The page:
ABLE ARCHITECTURAL WOODWORKS
Commercial Cabinet Manufacturing
Steve Littleton programs one of the company’s latest purchases,the BIMA 200 CNC Processing center.
For the cabinet manufacturer, owner Steve Littleton, finding work even in a down economy, is not problematic.

Kitchen Cabinets

“I make more money accidentally than most people do purposely,” says Littleton. “That’s one of my sayings. I don’t want to sound arrogant, but I don’t have a sales force. Treating people right and making good deals are what I call good advertising. As a result, I have a strong customer base and their word of mouth has been beneficial.” 

Littleton started Able in 1998 after getting out of the microchip industry. The Phoenix-based company manufactures cabinets and countertops in its 10,000-square-foot facility for mostly regional clientele, including offices of Bank of America, Planned Parenthood, Lasix and the State of Arizona.“We do plastic laminate cabinetry and solid surface countertops for commercial and residential applications,” Littleton says. “We don’t do face-frame cabinets. All of our cabinets are European 32mm dowel construction.”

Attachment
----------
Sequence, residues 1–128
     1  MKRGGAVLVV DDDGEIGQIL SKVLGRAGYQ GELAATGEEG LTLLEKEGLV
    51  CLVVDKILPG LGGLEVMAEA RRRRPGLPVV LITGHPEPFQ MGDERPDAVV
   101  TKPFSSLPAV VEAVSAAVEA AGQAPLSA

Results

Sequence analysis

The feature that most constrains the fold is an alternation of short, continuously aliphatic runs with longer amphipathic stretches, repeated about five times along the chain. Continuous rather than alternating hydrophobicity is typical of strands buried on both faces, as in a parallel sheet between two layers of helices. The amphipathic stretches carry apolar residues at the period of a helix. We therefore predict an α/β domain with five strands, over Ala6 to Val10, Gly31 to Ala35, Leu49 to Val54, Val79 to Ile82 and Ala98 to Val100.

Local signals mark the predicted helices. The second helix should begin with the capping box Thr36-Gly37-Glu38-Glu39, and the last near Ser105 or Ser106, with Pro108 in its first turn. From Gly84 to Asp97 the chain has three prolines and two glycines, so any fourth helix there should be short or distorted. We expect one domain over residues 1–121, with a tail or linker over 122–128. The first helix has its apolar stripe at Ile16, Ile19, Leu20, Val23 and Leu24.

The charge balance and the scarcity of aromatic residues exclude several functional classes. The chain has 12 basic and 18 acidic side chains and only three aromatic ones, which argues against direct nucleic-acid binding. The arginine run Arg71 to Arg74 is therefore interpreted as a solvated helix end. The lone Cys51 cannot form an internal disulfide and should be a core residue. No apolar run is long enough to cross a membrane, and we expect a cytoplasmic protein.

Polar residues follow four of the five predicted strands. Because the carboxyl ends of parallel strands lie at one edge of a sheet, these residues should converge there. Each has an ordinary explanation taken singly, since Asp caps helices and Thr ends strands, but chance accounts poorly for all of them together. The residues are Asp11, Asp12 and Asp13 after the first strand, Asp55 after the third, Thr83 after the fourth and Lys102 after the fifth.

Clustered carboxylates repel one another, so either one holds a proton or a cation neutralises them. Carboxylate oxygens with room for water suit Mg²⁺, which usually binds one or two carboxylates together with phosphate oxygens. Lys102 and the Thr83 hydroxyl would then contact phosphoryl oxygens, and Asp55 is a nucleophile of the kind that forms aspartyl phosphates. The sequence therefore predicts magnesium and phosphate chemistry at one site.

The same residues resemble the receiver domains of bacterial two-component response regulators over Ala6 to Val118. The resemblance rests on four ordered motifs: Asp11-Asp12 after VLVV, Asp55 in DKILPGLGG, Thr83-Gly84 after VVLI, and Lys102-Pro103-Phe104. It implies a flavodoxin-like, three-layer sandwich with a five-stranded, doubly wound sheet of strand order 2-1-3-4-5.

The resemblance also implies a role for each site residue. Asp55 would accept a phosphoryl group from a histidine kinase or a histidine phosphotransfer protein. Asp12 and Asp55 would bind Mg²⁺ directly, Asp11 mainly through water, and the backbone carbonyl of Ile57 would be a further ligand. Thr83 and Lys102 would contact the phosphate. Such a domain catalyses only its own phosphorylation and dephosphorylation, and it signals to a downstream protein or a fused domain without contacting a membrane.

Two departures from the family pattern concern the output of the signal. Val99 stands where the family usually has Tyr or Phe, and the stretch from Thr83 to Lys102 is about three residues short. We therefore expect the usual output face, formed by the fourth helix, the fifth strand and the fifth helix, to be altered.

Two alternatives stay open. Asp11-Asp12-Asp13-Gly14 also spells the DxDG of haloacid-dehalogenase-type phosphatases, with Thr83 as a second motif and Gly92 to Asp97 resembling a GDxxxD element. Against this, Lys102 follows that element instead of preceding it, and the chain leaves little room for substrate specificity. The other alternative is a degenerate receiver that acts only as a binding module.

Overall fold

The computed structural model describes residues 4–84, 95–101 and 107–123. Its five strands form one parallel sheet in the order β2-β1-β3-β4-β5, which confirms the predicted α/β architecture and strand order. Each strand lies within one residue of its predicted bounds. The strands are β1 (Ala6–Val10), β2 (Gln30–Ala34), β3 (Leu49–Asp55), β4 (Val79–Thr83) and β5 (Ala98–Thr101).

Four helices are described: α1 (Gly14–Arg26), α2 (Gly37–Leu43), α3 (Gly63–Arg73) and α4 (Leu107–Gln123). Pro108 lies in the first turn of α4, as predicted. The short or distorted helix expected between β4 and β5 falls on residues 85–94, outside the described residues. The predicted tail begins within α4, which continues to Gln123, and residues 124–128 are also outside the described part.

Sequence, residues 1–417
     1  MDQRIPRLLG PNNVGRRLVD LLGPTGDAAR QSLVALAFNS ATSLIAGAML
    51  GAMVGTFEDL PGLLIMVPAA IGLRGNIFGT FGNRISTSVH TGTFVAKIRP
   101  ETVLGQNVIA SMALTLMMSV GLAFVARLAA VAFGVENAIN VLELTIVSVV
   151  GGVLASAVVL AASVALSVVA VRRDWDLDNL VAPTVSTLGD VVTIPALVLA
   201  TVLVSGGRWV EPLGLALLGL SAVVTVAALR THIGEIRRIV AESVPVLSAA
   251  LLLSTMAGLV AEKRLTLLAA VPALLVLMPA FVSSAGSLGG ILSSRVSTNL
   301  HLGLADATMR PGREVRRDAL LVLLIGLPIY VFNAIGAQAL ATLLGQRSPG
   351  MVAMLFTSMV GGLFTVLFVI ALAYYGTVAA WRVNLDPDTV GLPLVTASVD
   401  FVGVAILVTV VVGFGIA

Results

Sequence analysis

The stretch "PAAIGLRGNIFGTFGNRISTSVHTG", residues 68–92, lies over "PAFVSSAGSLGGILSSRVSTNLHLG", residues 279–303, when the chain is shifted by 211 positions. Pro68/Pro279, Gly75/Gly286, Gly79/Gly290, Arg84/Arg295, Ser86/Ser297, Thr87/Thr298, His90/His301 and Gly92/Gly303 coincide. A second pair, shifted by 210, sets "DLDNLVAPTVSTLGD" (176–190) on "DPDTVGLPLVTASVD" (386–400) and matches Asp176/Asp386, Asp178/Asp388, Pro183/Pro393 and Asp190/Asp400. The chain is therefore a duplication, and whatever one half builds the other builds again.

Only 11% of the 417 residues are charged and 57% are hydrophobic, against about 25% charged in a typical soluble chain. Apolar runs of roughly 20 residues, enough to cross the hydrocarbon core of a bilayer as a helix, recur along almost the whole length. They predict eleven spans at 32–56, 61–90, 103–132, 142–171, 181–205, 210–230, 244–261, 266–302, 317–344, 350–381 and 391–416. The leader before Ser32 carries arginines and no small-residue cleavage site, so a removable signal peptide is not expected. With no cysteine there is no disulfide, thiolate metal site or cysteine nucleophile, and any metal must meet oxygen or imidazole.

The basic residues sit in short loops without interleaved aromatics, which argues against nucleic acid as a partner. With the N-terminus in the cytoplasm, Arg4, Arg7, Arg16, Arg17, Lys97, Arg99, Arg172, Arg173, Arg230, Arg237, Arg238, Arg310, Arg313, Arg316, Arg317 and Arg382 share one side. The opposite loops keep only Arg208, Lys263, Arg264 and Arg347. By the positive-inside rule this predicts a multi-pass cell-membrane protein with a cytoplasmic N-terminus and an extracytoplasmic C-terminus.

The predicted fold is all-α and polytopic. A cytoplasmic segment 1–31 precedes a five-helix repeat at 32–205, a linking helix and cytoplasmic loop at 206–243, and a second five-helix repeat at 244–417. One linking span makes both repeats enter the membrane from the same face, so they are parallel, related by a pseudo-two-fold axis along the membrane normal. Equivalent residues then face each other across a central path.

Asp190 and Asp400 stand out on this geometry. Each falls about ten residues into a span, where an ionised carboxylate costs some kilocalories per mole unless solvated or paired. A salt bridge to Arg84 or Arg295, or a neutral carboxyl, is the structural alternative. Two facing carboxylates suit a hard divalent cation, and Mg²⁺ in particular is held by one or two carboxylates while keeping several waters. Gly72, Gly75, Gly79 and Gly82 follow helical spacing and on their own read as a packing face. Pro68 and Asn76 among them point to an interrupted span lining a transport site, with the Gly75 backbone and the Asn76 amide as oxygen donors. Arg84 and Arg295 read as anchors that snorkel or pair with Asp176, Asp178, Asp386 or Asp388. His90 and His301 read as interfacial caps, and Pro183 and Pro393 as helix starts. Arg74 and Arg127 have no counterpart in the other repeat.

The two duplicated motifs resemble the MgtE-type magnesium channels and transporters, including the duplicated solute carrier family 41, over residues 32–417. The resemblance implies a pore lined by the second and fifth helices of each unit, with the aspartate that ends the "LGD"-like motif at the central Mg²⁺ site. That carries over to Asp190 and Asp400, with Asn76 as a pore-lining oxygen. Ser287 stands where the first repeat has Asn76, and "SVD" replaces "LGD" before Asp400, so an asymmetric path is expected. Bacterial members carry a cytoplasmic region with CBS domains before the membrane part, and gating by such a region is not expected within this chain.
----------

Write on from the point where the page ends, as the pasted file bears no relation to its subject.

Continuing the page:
cabinet-manufacturing

Littleton cites Able’s commitment to excellence as a key ingredient in the company’s success. Everything from building cabinets, to buying new equipment and materials, to hiring new employees, is done with this in mind.
“I’m a little fanatical,” says Littleton. “I believe in quality. People have cost way out of perspective. How can you afford not to have the best? That’s my philosophy. We’re all human, but if you have the best people, the best materials and the best tooling, it minimizes the errors and mistakes. We build a premium product, with premium materials, using premium labor and premium tools.”
Littleton’s philosophy is evident in the construction of Able’s cabinets. He says that even though it might cost a little more to build them, he will not cut corners anywhere.
“Our cabinetry is built to AWI (Architectural Woodwork Institute) Premium specifications,” says Littleton. “Most people have 1/4-inch backs on their cabinets. Ours is a full 3/4 inch. No matter what cabinet it is, every cabinet that leaves here has a 3/4-inch back that is dadoed, glued and pocket screwed. The job is important to me. If we don’t do something right, we discard it and build it again.”
Mean Machines
Having quality equipment can become costly, but Littleton practices patience in regards to the company’s equipment purchases. “I don’t like financing, I prefer cash purchases,” he says. “I’ll do without and just work harder until I can afford it.”

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